School students more satisfied with careers advice, survey reveals

According to a new survey from GTI Media and CASCAID, school students are more satisfied than dissatisfied with careers advice and the amount of employer contact they received.

The trendence School Leaver Barometer surveyed 7,000 school and college students from years 10-13, exploring their experiences of careers guidance, access to employers, career plans and their choice of job, employer, apprenticeship or university.

63% were happy with the careers information they received from their school about universities, and a similar percentage was happy with the advice about jobs and apprenticeships. Only 11% of respondents said they were unhappy with the advice they received. 81% said that their school organised careers events for students and 59% said that their school arranged for employers to visit.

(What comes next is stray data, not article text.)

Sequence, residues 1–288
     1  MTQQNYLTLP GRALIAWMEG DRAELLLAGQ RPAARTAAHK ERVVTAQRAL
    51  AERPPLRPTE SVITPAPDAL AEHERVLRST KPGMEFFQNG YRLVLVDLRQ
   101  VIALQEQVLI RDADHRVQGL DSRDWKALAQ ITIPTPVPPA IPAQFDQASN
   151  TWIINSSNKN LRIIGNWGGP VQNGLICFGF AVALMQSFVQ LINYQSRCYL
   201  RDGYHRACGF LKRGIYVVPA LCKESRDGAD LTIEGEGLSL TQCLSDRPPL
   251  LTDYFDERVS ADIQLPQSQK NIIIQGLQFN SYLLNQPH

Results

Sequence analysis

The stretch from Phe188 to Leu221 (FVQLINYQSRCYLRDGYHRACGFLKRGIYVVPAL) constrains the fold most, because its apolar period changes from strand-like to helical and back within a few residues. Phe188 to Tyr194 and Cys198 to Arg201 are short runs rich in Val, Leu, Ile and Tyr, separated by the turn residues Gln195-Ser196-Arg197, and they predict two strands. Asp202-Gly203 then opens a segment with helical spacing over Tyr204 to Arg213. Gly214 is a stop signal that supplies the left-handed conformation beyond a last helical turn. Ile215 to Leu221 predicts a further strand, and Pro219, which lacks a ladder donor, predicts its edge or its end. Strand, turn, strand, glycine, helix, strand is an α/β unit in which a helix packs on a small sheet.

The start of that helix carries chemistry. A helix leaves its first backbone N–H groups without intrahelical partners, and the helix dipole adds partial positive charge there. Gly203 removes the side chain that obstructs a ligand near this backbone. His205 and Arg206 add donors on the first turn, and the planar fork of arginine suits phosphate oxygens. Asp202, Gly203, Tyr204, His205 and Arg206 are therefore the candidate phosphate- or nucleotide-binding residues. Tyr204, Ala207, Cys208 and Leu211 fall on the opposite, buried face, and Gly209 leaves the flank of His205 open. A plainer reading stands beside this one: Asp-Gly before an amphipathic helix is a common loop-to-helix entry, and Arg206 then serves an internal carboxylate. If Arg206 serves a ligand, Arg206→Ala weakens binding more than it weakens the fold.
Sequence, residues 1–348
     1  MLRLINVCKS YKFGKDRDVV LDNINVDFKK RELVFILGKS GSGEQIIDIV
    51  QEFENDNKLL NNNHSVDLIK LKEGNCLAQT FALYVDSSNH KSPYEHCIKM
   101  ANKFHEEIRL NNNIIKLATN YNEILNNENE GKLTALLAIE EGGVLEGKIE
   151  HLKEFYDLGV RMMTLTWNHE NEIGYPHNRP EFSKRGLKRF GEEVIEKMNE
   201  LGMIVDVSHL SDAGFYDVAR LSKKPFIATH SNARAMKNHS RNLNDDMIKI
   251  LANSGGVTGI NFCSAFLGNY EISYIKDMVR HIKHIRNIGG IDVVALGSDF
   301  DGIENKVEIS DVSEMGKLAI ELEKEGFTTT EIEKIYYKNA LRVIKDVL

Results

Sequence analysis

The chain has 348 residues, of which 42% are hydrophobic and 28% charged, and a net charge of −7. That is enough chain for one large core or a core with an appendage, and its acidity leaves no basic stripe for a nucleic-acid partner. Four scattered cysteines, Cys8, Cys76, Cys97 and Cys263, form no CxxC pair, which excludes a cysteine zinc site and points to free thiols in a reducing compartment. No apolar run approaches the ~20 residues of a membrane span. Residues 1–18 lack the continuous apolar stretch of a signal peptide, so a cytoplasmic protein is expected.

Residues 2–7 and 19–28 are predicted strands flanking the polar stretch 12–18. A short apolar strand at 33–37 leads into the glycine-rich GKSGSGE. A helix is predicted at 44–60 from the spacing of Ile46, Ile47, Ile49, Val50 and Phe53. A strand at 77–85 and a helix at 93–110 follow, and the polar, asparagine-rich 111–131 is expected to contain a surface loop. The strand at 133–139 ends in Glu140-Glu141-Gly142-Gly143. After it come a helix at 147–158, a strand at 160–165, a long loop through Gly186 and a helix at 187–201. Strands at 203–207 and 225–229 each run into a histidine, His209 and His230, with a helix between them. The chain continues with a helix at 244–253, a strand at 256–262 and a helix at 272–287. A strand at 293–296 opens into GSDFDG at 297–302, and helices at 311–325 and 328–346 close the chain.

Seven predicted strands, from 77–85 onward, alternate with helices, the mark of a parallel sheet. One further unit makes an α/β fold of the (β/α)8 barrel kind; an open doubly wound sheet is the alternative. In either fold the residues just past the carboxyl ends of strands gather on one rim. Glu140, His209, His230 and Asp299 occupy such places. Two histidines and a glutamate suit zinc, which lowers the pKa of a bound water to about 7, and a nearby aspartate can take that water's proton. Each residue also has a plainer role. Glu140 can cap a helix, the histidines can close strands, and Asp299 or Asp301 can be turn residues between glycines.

Chris Phillips, Information and Research Director at GTI Media says: “GTI Media is pleased to launch the trendence School Leaver Barometer survey 2014 which provides a snapshot of what school students think about their future, the help they are getting to make career decisions and their plans for future employment. It’s clear to us that recruiters from all sectors are desperate for more information about the thoughts, career plans and employer awareness of the current generation of school students, as more of them invest in apprenticeships and school leaver programmes alongside their graduate recruitment activity.”

Richard Harrison, Chief Executive of CASCAID says: “We are delighted to have been involved in supporting this research which gives real insight into the careers support being delivered in schools. With the many changes that have happened in careers guidance provision over the last five years it’s vital that we can evaluate the impact on young people. It is great to see that so many young people are receiving support that they value and we will continue our commitment to working with schools, colleges, universities and employers to ensure that young people can make truly informed decisions about what they intend to do with their future.”

Click here to see the full report.